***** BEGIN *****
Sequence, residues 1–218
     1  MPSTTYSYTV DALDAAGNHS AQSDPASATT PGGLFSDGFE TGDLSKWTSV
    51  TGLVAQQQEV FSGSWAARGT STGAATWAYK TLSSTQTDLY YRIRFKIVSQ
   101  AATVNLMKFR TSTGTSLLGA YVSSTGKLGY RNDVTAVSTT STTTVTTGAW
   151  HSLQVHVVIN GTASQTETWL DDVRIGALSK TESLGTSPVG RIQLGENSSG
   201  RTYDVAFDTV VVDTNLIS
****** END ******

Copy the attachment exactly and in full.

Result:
Sequence, residues 1–218
     1  MPSTTYSYTV DALDAAGNHS AQSDPASATT PGGLFSDGFE TGDLSKWTSV
    51  TGLVAQQQEV FSGSWAARGT STGAATWAYK TLSSTQTDLY YRIRFKIVSQ
   101  AATVNLMKFR TSTGTSLLGA YVSSTGKLGY RNDVTAVSTT STTTVTTGAW
   151  HSLQVHVVIN GTASQTETWL DDVRIGALSK TESLGTSPVG RIQLGENSSG
   201  RTYDVAFDTV VVDTNLIS